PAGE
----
In the past six months, the Wild Wes (Working for Intelligent Landscape Design at Wesleyan University) courtyard plot outside of West College (WestCo) has completely transformed from an overgrown, underutilized space to a thriving permaculture site. The Wild Wes club has been cultivating the area as well as a small space outside Summerfields since 2010. Because of the University shutdown due to COVID-19, the space had not been properly cared for until this summer, when a group of students began a project to revitalize the area.
“Our main priority was basically a Wild Wes renaissance,” Wild Wes President Bobby Bourque ’23 said. “Pads were very, very overgrown because, thanks to COVID, it was completely unmaintained for a year. Our plan was just to clean up the space, cut down grass, reset rocks, reset breaks, and fix the trellis. Then once we got through all that, we were able to have more fun projects: we constructed a trellis out of a wild cherry tree and we planted herbs in the herbs spiral.”
Working 40 hours a week on the project, Bourque, alongside other interns, was able to lead the charge in returning Wild Wes to its previous glory and reimagining what role the group could have on campus. The Green Fund compensated student workers and covered the cost of supplies.
Wild Wes leaders explained that expanding and incorporating permaculture, the practice of including species native to the land to create more sustainable agricultural spaces, into the University landscape is one of the club’s overarching goals. Over the summer, Wild Wes interns visited the University of Massachusetts Amherst, which has an extensive permaculture site. The group is using UMass’ site as an inspiration for what Wild Wes could be.
“The workers for Wild Wes and some of the farmers who were here over the summer, we all went on a little road trip and saw some of the methods that they use to keep students involved,” Bourque said. “And it really helped us because by the end of the summer, we kind of shifted our mentality. June was cleanup, July was new projects, and August was okay, freshmen are coming. What now?”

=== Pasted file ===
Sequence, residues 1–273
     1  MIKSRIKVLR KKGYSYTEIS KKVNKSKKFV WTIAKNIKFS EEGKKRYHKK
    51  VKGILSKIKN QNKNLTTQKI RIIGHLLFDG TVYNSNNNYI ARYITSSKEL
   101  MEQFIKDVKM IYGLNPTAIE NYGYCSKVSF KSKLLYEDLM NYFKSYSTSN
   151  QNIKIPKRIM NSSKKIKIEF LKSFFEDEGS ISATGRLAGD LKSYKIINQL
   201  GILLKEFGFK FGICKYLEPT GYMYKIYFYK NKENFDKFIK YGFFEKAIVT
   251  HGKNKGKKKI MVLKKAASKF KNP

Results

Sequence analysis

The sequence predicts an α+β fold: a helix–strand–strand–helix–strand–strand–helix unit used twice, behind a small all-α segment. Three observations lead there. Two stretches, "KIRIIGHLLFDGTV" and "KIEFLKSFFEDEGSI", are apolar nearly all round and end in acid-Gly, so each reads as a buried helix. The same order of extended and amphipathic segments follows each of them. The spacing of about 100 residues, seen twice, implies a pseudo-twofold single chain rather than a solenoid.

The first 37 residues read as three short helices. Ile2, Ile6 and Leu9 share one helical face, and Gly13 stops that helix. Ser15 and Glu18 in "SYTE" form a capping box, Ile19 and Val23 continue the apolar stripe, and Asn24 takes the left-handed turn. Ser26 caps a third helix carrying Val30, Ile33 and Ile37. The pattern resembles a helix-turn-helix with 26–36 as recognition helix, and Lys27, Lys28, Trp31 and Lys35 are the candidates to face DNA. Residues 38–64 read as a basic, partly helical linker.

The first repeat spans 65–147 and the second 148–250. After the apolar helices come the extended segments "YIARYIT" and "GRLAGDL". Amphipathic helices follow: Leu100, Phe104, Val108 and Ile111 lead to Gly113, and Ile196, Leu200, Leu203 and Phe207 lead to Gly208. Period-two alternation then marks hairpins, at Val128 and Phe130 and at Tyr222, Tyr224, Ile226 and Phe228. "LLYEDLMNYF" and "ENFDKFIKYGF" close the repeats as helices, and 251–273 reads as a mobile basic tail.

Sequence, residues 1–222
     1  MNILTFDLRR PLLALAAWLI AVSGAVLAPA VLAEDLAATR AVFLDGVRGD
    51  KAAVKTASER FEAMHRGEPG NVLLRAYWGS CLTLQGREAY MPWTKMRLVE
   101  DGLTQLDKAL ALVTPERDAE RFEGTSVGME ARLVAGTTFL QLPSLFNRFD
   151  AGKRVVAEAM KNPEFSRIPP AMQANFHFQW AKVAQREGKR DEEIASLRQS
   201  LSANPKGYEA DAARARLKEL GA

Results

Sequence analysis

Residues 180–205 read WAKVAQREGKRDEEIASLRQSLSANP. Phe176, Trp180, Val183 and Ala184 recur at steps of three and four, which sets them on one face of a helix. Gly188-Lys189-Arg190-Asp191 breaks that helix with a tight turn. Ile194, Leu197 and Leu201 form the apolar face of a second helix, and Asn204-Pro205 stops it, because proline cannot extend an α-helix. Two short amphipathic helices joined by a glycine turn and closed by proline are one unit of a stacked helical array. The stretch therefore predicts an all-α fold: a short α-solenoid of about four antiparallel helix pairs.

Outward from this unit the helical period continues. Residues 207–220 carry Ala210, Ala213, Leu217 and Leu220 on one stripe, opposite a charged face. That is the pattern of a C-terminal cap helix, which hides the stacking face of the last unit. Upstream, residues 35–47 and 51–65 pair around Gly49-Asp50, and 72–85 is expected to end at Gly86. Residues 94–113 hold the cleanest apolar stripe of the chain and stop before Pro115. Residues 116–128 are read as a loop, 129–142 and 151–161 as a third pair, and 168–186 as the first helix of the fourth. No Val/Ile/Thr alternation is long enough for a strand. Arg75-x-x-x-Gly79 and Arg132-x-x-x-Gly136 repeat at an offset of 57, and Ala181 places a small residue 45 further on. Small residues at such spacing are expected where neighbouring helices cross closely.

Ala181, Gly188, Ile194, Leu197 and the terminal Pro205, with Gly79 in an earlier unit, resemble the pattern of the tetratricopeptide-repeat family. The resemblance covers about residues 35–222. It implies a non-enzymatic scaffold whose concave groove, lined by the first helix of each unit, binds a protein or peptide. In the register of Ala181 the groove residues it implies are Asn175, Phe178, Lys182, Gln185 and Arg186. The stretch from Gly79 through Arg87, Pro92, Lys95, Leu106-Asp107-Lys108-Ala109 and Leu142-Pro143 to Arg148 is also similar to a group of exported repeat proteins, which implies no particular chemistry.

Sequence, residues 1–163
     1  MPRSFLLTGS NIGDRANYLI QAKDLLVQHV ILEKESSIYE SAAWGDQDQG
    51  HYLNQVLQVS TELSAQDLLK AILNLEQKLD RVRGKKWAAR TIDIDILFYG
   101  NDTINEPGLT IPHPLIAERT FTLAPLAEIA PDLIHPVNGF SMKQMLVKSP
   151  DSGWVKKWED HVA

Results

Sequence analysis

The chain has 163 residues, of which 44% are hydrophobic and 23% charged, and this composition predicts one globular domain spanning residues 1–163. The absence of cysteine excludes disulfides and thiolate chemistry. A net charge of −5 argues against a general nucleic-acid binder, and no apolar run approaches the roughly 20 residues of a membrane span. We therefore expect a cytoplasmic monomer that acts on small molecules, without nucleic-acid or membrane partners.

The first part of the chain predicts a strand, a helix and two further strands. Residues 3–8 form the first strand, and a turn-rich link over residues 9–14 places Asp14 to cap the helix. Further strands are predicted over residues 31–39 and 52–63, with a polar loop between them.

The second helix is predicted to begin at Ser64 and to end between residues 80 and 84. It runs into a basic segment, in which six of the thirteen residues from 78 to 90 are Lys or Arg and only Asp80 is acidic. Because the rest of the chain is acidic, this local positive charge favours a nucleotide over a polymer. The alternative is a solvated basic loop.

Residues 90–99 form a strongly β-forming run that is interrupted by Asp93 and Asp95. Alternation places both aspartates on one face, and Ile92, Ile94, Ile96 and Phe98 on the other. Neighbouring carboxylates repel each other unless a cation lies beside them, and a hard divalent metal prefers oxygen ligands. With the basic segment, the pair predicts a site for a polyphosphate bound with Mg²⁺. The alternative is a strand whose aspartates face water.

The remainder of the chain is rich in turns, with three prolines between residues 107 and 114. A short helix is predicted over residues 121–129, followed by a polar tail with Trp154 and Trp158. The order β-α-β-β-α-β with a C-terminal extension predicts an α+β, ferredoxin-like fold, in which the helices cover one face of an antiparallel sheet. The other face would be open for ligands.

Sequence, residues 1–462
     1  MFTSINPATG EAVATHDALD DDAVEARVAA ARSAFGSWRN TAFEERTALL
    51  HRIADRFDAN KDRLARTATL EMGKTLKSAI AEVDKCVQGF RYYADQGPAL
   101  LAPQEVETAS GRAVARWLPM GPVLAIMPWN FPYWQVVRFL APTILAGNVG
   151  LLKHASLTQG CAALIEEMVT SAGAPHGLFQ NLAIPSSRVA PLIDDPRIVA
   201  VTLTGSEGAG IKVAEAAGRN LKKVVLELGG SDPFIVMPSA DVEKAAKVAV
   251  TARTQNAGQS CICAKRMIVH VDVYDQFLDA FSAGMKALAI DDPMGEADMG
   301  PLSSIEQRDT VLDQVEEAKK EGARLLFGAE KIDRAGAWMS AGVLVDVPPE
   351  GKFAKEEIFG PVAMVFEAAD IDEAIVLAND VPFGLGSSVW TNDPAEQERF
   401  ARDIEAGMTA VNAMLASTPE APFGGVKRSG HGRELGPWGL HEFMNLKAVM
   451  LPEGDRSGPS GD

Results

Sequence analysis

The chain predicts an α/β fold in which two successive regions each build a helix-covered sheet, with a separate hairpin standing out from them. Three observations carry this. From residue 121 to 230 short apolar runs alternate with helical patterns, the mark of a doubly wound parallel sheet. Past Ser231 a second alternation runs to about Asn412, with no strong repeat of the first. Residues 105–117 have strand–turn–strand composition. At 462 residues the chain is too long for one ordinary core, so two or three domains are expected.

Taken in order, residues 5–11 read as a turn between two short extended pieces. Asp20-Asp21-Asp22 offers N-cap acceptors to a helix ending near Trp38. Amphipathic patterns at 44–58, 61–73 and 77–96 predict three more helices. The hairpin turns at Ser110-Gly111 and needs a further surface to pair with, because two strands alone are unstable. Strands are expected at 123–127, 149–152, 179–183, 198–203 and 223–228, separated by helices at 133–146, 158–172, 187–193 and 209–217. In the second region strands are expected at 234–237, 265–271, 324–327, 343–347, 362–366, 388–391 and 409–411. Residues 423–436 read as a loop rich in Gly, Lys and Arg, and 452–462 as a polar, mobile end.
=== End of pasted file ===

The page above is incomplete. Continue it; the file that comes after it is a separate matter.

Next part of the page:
Since then, the club has expanded its outreach to students. They officially registered as a club on WesNest, hosted a booth at the club fair, and have begun to have weekly workdays on Sundays from 10 a.m. to 1 p.m. Wild Wes Events Coordinator Bec Kaplan ’23 hopes that the group can make a space created by the student body, for the student body.
“I’d love it to become a more active community space,” Kaplan said. “I think Long Lane is not always accessible for everyone since it’s so far versus this is literally in our backyard. So it would be really lovely to just have more people involved, even on a very occasional basis.”
The club hopes to expand not only its membership but also the physical space that it occupies. Leaders believe that there is ample space for permaculture on campus and that the University should strive for biodiversity instead of continuing to promote unsustainable agriculture.
“There’s no reason for this grass to just be here [on campus], it’s not being used in the right way,” Kaplan said. “We don’t want the relationship with nature to be just what can we use this for, and right now the land is not being loved in the way it should. It’s all these lawns being maintained for the image of the University. It costs them more to maintain it than for us to just transform it into a food justice project.”
The group also wants to turn the current spaces into a source of sustainable food. Wild Wes hopes to plant more fruit trees, vegetables, and maybe even create a small pond for rice patties. Their larger projects for this year include creating a geocache search, fixing the steps outside of Summerfields, and participating in the upcoming Pumpkin Fest hosted by Long Lane on Oct. 16.
For now, Wild Wes leaders want residents of both the University and Middletown to be aware of what is available to them in the space and how to use the various products that are grown there.
“We are making a zine, which is going to be like a combination of a forging guide plus a recipe book,” Kaplan said. “It will be what you can find in Wild Wes and what you can make out of it and directions of how to do that. Food as well as tinctures and dyes and things like that. So a lot of the work I was doing was research on the different things that are in Wild Wes.”
While the club is thriving for the moment, there is worry about its future. With the upperclassmen graduating and the lack of younger members, current leaders are concerned about having enough participants to sustain the group as well as complete their ambitious projects in the future.
“The people we worked with were mostly people from the class of 2020 and , and so I’ve taken the torch and I guess am officially president,” Bourque said. “But it is still a nebulous phase of the club where like I’m studying abroad next semester, so I’m just trying to make sure that the torch can be passed on from me to somebody else.”
Wild Wes also hopes to work together with other groups on campus, such as the Sustainability Office and the Eco Facilitators. Wiktoria Ostrowska ’24, who is both an Eco Facilitator and a member of Wild Wes, said she believes that the two groups could come together effectively.
“Hopefully there are steps to a future where there’s more Eco Facilitator and Wild Wes collaboration,” Ostrowska said. “That way, we can create more permaculture spaces on campus, revitalize the Butts space, and encourage more projects like these because of the success rates.”
The club looks forward to a bright future filled with sustainable agriculture.
“Very exciting things are happening,” Bourque said. “The Renaissance worked out.”
Lia Franklin can be reached at firstname.lastname@example.org